The Radical and the Republican: Frederick Douglass, Abraham Lincoln, and the Triumph of Antislavery Politics
By James Oakes
328 pages, 2007. W.W. Norton and Company, 500 Fifth Avenue, New York, New York 10110, $26.95 plus shipping
Reviewer: James A. Percoco
James A. Percoco teaches U.S. and Applied History at West Springfield High School in Springfield, Va. He is author of A Passion for the Past: Creative Teaching of U.S. History and Divided We Stand: Teaching About Conflict in U.S. History. Percoco is a USA TODAY All-USA teacher and is an adjunct professor in the School of Education at American University where he serves as History Educator-in-Residence.
On April 4, 1864, Abraham Lincoln wrote Albert G. Hodges, "I am naturally anti-slavery. If slavery is not wrong, nothing is wrong. I can not remember when I did not so think, and feel. And yet I have never understood that the Presidency conferred upon me an unrestricted right to act officially upon this judgment and feeling’Ä¶ In telling this tale I attempt no compliment to my own sagacity. I claim not to have controlled events, but confess plainly that events have controlled me."
After reading James Oakes' compelling new book, The Radical and the Republican: Frederick Douglass, Abraham Lincoln and the Triumph of Antislavery Politics, one must question whether Lincoln in his famous letter to his friend in Kentucky was being cagey, ever the crafty politician, and whether the portrait we have been given by biographers of Frederick Douglass is accurate.
Oakes gives readers a fresh and fascinating look at the lives of these two pivotal players during the Civil War, limiting himself mostly to their own words and spinning a new and lively interpretation. In his hands his prose elevates this important story well beyond the genre of the "dual biography."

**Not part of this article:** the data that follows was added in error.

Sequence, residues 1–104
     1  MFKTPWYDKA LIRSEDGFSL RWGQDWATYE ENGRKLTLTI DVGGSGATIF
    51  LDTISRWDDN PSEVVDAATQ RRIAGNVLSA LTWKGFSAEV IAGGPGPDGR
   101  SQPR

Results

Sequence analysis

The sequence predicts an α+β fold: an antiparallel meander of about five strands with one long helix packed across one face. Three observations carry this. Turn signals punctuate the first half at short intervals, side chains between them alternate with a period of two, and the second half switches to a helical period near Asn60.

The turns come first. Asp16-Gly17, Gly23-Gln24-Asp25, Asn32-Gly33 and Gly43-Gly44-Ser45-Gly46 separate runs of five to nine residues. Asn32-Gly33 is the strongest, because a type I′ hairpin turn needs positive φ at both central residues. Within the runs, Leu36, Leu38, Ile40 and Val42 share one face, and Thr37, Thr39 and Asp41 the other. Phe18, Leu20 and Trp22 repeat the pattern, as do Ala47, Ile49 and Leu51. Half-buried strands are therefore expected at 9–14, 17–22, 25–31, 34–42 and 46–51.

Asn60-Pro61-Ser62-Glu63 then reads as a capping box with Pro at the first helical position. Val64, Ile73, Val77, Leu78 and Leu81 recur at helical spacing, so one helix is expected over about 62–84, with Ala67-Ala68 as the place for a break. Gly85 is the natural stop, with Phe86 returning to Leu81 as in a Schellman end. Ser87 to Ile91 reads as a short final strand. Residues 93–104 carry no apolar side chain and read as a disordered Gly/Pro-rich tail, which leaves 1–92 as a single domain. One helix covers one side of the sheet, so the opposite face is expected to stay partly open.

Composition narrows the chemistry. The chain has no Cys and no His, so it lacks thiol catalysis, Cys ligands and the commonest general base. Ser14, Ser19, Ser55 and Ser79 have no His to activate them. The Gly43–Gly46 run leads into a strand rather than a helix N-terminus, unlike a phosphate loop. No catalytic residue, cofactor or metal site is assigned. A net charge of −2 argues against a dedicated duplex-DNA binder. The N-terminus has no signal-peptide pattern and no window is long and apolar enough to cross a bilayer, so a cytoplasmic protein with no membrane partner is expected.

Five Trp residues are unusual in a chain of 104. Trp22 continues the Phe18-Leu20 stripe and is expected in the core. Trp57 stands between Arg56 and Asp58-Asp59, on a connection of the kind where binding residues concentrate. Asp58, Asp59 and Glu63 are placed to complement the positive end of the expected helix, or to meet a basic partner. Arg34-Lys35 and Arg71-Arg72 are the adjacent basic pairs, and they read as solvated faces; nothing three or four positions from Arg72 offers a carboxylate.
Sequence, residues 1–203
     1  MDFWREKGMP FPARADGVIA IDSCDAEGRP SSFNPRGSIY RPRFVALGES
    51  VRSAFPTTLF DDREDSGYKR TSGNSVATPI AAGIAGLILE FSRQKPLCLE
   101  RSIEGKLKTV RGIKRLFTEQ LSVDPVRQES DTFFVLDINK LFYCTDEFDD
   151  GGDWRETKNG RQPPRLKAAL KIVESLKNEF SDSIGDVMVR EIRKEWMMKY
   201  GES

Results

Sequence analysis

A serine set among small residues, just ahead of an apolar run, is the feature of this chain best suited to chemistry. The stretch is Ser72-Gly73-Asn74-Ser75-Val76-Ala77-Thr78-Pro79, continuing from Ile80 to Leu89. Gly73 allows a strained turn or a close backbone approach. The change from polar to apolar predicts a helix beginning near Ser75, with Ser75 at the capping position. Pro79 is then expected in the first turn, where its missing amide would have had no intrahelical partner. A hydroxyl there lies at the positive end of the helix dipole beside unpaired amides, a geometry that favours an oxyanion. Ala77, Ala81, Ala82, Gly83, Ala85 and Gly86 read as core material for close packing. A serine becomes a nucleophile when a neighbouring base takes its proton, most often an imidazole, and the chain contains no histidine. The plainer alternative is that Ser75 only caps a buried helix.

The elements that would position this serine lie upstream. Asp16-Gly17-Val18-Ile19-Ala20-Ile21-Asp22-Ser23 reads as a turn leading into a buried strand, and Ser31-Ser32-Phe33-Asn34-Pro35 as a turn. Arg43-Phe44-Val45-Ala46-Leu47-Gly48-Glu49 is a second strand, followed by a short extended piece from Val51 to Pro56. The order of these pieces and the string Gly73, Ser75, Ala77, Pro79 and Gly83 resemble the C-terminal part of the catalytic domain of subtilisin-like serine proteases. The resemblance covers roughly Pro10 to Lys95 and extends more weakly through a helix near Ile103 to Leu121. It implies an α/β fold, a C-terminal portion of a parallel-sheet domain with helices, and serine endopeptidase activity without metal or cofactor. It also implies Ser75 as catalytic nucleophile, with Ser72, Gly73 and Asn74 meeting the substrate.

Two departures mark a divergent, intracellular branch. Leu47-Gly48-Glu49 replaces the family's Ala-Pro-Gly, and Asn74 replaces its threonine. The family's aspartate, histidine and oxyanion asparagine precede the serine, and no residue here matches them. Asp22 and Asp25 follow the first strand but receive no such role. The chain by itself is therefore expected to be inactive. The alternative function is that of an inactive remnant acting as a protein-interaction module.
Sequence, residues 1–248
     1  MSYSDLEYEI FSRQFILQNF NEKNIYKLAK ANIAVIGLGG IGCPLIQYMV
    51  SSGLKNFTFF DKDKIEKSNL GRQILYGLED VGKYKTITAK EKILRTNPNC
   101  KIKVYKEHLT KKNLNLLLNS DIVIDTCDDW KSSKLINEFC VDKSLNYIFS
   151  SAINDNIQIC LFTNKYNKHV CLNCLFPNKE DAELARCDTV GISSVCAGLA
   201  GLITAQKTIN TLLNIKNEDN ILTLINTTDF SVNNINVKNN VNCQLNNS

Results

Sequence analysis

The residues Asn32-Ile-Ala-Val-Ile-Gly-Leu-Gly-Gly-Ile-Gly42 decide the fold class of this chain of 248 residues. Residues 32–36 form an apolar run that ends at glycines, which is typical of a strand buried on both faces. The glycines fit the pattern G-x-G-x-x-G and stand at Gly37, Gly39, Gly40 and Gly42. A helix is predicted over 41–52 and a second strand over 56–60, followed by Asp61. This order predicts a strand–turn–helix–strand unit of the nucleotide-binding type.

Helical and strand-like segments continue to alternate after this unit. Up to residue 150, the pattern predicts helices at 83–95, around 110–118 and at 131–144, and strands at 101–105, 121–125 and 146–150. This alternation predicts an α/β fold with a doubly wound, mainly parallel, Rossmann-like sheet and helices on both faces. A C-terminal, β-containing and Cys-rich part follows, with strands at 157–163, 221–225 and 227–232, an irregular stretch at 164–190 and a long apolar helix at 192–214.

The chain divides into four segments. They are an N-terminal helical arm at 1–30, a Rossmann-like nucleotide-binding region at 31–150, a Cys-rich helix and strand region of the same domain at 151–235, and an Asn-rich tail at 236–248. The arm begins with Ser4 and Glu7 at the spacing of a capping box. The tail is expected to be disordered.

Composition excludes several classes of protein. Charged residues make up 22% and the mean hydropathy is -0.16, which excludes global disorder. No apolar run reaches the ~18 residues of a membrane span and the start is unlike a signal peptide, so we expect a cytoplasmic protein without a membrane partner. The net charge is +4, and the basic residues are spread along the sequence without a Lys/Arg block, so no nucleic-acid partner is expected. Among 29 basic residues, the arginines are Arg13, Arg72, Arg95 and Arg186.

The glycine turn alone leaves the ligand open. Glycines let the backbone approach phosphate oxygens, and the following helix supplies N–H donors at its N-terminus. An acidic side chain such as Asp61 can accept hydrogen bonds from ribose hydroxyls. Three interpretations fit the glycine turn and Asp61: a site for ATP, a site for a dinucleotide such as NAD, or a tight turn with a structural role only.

Carefully constructing his narrative Oakes traces the lives of Douglass and Lincoln, both self-made men, arguing they had much more in common than what other historians and biographers have given them credit for. He observes their respective shifts over time - Lincoln the Republican moving, during the Civil War, to become a radical reformer, while Douglass grew in his understanding of the political machinations necessary for compromise in a democracy.
In this context greater balance is offered to both men as is new insight into their behavior. In this regard this book makes a substantial and singular contribution to the literature.
The gift of this book is that the author has taken a complicated tale and made it understandable and accessible to the reader without being patronizing to the reader or the subjects.
What this reader found of great interest was Oakes' portrayal of Douglass. The Douglass found on these pages is very human, complete with his inconsistencies as a player in the national drama. Like Lincoln, who as a politician waffled on the issue of slavery, Douglass waffled on the issue of Abraham Lincoln, depending on the circumstances.
Douglass should not be faulted for this. In fact Douglass becomes a richer and more compelling figure in this context. As an outsider he had to learn the delicate dance political operatives must often take when wrestling with moral questions tied to politics.
As Lincoln actively moved towards emancipation, Douglass gradually, albeit somewhat grudgingly, recognized that Lincoln was a dancer in this convoluted waltz and must proceed as he saw fit.
In doing so Douglass realized that Lincoln's goal of the preservation of the Union was almost always square with his insistence that slavery was wrong and had to go, but that the timing was critical in order to secure a public sentiment that would support emancipation.
In a warm and engaging style Oakes' narrative brings to life two men, who although they only met on three occasions, came to respect, admire and genuinely like one another. Though their collaboration was brief and in some ways done at arms' length, it nevertheless was a crucial relationship that helped to further the American democratic experiment.